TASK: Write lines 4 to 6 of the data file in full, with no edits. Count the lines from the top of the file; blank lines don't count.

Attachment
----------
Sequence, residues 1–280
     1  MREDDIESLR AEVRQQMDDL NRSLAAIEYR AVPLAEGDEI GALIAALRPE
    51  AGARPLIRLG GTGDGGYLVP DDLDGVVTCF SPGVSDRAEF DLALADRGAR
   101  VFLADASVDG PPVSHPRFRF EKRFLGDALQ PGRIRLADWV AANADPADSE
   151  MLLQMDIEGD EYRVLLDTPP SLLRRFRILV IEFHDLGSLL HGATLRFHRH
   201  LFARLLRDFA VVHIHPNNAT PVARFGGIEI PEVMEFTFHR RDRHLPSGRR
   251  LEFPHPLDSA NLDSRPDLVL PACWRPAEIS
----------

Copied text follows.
   101  VFLADASVDG PPVSHPRFRF EKRFLGDALQ PGRIRLADWV AANADPADSE
   151  MLLQMDIEGD EYRVLLDTPP SLLRRFRILV IEFHDLGSLL HGATLRFHRH
   201  LFARLLRDFA VVHIHPNNAT PVARFGGIEI PEVMEFTFHR RDRHLPSGRR